Midlothian real estate news is fairly predictable—at least compared with some of the stories that filter in from the rest of the world. Here in Midlothian, for instance, wherever a new home is being built, you’re likely to see familiar evidence like stacks of lumber and drywall, cartons of nail gun ammo, sacks of cement, and workmen hustling around as they put everything together.
Nary a printer in sight.
Not so in China. According to The Washington Post, the real estate news includes an item about an innovation from Asia. “Innovation” is perhaps a bit of an understatement, because the gist of the story was that in April a year ago, a Chinese concern built 10 houses in one day using a 3-D printer.
Despite what you may be thinking, this item did not have an April 1 dateline.
The 3-D printers we’ve been reading about over the past few years are the ones that take pellets or powders made of plastic, wax, ceramic, or even metal, and print three-dimensional objects, layer by layer, as directed by a computer.
Only a few years back, for most of us, stories about 3-D printers seemed more like science fiction than reality. But apparently the things actually work! As evidence, there have been lots of stories about the legal and other ramifications that accompany the printing of firearms. A few months ago, astronauts printed up a 3D wrench aboard the International Space Station: they’ll just print up spare parts when things break down. And there was that car (the “Strati”) that a company printed in Chicago: it took 44 hours to print, with a top speed of 40 MPH…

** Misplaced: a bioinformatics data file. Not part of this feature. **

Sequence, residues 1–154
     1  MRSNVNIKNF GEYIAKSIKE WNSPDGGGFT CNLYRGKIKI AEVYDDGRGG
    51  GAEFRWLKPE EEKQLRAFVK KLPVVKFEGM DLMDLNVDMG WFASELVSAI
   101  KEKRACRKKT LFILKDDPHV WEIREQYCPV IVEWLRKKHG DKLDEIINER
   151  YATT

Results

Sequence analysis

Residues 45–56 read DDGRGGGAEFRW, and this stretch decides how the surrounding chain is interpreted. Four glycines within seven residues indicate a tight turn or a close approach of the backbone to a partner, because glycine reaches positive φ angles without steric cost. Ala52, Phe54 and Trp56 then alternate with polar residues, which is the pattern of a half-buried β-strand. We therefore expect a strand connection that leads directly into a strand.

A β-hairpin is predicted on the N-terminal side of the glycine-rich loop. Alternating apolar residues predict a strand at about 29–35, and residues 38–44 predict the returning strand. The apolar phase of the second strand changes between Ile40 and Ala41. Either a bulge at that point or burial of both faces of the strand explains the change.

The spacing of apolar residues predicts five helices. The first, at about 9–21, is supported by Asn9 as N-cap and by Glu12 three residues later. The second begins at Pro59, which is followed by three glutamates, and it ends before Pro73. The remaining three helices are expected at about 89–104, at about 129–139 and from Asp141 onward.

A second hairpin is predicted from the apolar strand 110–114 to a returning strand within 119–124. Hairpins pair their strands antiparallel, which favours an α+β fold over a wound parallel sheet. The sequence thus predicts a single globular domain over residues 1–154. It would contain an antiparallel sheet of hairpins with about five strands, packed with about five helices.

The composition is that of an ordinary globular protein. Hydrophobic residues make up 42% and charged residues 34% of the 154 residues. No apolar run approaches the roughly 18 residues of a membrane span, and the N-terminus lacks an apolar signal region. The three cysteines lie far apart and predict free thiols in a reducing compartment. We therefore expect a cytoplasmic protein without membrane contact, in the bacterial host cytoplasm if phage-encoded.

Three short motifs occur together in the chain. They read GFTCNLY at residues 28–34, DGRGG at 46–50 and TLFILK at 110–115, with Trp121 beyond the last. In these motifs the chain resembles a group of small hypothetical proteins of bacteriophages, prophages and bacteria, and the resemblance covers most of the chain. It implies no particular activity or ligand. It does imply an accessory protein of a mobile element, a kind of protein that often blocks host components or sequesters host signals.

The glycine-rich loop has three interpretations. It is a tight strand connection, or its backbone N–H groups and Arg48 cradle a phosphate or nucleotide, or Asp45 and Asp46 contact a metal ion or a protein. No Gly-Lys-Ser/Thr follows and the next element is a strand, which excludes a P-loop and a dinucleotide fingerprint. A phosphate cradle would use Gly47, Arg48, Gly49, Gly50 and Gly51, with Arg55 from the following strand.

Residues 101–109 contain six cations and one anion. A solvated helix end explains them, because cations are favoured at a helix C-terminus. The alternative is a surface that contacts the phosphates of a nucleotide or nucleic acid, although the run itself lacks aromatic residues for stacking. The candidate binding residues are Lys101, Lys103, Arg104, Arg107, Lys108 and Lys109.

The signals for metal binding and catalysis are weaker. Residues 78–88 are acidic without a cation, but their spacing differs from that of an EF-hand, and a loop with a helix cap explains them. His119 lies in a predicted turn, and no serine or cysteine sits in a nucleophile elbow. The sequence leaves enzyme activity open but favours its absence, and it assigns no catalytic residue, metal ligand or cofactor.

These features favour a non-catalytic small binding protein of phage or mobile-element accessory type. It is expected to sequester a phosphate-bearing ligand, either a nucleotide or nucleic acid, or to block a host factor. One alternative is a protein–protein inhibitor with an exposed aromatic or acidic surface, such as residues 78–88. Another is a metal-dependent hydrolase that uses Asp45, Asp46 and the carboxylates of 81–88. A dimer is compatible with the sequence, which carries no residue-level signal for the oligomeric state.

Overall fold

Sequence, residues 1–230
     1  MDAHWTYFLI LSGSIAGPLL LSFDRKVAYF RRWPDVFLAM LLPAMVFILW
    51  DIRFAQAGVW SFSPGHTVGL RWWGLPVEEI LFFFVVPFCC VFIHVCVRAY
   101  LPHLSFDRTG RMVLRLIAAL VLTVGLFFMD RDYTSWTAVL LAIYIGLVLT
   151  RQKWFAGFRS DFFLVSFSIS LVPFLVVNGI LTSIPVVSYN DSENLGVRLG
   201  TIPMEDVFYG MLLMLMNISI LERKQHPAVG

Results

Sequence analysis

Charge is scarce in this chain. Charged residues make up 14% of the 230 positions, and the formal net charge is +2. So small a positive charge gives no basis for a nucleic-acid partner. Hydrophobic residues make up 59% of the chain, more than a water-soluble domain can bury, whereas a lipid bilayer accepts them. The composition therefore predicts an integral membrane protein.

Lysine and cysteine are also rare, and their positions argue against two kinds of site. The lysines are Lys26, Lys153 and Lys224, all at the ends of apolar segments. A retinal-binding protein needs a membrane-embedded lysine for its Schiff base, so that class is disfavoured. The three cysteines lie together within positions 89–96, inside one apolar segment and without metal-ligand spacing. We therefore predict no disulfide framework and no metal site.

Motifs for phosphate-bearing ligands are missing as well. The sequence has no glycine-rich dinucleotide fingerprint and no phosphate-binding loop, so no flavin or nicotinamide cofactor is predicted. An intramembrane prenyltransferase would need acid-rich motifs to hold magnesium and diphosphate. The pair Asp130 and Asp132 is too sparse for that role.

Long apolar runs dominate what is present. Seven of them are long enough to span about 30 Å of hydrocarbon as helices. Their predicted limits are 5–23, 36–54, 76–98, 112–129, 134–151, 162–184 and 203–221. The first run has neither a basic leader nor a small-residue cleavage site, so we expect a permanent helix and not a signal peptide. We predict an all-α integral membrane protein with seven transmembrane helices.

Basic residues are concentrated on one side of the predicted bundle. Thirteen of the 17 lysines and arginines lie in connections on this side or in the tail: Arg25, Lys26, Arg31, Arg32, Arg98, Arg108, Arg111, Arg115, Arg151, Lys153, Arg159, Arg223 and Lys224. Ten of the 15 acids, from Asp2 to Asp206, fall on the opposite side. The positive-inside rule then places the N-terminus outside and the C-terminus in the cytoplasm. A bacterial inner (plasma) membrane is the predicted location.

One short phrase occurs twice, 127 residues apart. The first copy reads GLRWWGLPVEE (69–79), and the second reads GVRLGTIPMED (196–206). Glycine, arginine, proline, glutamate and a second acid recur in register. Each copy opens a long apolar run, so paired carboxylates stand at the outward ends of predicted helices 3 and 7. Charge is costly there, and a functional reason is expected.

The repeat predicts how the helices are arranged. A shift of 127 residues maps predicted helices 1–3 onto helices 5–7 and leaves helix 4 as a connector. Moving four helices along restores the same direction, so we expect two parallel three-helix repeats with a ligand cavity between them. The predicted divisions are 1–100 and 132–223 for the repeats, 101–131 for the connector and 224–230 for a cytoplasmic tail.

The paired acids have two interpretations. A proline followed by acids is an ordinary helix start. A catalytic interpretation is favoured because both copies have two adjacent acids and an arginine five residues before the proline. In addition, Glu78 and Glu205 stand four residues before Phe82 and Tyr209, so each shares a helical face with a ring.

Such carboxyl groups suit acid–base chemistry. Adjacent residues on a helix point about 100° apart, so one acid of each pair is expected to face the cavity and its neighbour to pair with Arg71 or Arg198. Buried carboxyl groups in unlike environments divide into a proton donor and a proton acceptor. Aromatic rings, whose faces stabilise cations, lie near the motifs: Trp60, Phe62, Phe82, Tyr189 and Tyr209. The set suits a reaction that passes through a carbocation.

Doesn’t this all sound a little bit nuts?
But back to the real estate news from China. It seems that the outfit that printed the 10 houses last year, built a really, really big 3D printer, and used it to print a mansion: an 11,840 square-foot villa. Next to it, they printed up a 5-story building (just showing off, you have to think). According to reports, the process is more than just fast: it’s becoming cheaper and more energy-efficient. The Chinese company says that it can save 30%-60% of building materials, 50% of labor costs, etc. They want to print bridges, too…
But don’t think American ingenuity is being left in the polymer dust! USC Engineering Professor B. Khoshnevis is plugging away at the forefront of the technology, except he calls it “contour crafting” instead of “3D printing” (or “Xeroxing”). On his web site, in answer to the FAQ “Can you print an entire house?” the answer is Theoretically, yes. He hopes to see “entry-level construction models on the market within one to two years.”
Soooo, how long before our local Midlothian real estate news will be trumpeting our own 3D printed houses for sale? No time soon. It turns out that the villa, 10 small houses, and 5-story apartment building in China “aren’t much to look at.” In fact, some say they are for demonstration only.
So when you give me a call to help you find the Midlothian home of your dreams, I suspect a printed model won’t be on our tour list. We won’t be making the rounds in a Strati, any time soon, either.